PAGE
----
Having already put a range of measures in place to enhance employee experience, Stuart Marginson had a clear ambition that introducing a 4DW would “reduce stress and the risk of burnout within the team, encouraging an environment of working smarter not harder.” 

Being clear and specific about your expected or hoped-for outcomes will help you to select data collection methods that are fit for purpose. For example, the impact on revenue can be monitored through existing sales measures, whereas a different method will be needed to assess levels of job satisfaction.  

Exploring the 4DW methodology 

If you are interested in whether, say, employee wellbeing has changed during the course of your trial, it’s important to get a baseline measure of wellbeing immediately prior to trial launch.

Using a standardised questionnaire such as the Warwick Edinburgh Mental Wellbeing Scale, will ensure statistical reliability and validity and also that the data produced is robust. Repeating the measure at the close of your trial, or after a period of six to twelve months, will provide pre and post-data showing what changes in wellbeing have occurred throughout the trial.  

To assess factors associated with employee experience, you might want to design a set of survey questions that glean both qualitative and quantitative types of data—using questions that require respondents to select one option on a numerical scale (e.g. where 1= Disagree and 5=Agree) produces useful qualitative data that requires only simple calculations to analyse and can be presented in the form of a bar chart for ease of understanding.

These types of questions are useful for providing a general overview (e.g. 83% of employees agree that they are happy at work) and are easily repeated for comparison at a later date. However, they are not particularly sensitive to nuance or helpful for understanding individual experiences.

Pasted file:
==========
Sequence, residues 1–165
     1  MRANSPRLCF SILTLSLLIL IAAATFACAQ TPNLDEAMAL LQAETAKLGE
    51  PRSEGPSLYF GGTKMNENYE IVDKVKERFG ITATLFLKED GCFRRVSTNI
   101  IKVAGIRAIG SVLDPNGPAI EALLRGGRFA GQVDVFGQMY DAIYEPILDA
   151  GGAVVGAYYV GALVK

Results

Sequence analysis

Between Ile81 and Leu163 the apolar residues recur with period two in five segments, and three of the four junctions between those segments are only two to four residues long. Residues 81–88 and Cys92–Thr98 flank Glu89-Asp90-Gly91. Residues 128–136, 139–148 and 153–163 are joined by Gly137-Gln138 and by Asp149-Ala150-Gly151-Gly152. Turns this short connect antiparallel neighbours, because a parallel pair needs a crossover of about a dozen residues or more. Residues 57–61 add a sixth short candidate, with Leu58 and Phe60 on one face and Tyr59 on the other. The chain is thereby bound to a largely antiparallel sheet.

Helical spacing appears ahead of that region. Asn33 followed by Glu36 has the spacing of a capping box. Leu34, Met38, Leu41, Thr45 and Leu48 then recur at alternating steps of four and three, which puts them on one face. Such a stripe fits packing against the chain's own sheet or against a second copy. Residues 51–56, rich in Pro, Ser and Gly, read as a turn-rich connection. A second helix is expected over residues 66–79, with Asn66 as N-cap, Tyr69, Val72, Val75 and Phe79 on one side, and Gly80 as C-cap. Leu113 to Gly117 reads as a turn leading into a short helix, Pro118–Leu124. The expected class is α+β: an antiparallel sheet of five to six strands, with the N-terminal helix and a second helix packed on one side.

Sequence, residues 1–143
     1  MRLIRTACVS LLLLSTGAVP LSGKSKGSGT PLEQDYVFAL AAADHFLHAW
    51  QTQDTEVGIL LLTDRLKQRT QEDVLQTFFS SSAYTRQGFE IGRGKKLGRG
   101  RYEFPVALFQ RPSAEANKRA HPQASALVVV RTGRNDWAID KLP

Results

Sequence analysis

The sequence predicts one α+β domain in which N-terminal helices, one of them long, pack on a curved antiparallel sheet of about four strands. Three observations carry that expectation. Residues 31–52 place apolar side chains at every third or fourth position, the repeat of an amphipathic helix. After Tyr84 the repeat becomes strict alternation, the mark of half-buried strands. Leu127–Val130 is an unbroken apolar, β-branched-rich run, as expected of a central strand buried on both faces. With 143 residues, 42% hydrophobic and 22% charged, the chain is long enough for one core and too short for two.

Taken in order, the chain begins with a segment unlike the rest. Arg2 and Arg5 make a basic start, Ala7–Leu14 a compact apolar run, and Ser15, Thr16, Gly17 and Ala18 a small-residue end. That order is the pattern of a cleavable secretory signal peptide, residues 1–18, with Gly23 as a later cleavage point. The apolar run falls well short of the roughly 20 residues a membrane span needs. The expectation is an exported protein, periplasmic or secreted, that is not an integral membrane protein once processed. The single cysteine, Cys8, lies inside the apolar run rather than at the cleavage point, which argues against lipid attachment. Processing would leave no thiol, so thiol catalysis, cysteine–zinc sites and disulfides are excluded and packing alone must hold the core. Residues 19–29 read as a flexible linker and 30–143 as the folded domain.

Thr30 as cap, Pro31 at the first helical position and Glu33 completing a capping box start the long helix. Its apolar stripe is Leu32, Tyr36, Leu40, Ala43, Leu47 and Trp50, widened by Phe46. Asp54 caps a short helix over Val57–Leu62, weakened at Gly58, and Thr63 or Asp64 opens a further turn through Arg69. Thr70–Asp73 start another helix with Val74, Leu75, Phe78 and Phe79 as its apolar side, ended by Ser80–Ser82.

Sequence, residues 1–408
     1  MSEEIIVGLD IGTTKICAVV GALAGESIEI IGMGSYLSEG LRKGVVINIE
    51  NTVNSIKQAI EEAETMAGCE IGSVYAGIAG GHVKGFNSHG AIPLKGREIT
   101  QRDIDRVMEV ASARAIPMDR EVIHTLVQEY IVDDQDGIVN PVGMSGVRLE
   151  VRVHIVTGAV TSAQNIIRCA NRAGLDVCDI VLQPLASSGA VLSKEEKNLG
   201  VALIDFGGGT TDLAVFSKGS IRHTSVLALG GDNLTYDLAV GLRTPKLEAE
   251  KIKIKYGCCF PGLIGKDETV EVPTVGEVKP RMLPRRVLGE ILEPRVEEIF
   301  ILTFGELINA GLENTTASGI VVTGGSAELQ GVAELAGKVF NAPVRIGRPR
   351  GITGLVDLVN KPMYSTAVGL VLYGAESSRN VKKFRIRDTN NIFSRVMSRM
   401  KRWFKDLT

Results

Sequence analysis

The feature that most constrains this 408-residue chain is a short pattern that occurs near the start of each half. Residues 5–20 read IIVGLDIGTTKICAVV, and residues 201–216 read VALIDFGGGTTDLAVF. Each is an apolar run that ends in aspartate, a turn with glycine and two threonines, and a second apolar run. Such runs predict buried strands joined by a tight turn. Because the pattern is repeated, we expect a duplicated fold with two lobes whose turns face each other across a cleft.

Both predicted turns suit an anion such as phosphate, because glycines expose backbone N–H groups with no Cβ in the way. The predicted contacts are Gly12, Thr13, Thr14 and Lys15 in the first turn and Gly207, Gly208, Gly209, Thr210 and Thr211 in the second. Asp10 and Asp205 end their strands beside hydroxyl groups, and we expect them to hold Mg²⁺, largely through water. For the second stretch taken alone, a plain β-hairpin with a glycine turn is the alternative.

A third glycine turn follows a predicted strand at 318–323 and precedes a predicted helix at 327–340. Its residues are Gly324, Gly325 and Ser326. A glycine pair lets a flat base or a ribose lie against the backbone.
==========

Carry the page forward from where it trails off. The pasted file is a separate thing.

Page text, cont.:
Open-ended questions requiring a more verbatim response (e.g. ‘In what ways has working a 4DW affected your work/life balance?’) are better at picking up the subtleties and often give more meaningful insights. However, the qualitative data they produce is trickier to analyse and interpret.  

What to keep in mind when developing a 4DW evaluation

Keeping staff at the centre of your focus is crucial for getting the best from any new initiative or evaluation. As Stuart Marginson notes: “Change in any form, is ultimately upheaval for people, no matter how positive an impact we believe it will have for our wellbeing long term.” 

Share the results with your staff and ensure that you communicate what actions you are taking based on the findings

When conducting an evaluation that requires staff input, remember that engagement is everything. Make sure you give good advance notice, communicating to your people the rationale for the evaluation and why their input is so valuable.

Make it quick and easy to complete research conducted by Survey Monkey shows that surveys of more than 30 questions or that take longer than eight minutes to complete risk increasing rates of abandonment. Share the results with your staff and ensure that you communicate what actions you are taking based on the findings.  

It’s also important to note that conducting a well-designed evaluation is not a replacement for eliciting anecdotal feedback through formal meetings or casual conversations. All this is valid information that can contribute usefully to your emerging understanding of impact.   

Interested in this topic? Read Don’t launch a four-day week until you get these six things right.

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Dr Jo Burrell

Clinical Psychologist

Read more from Dr Jo Burrell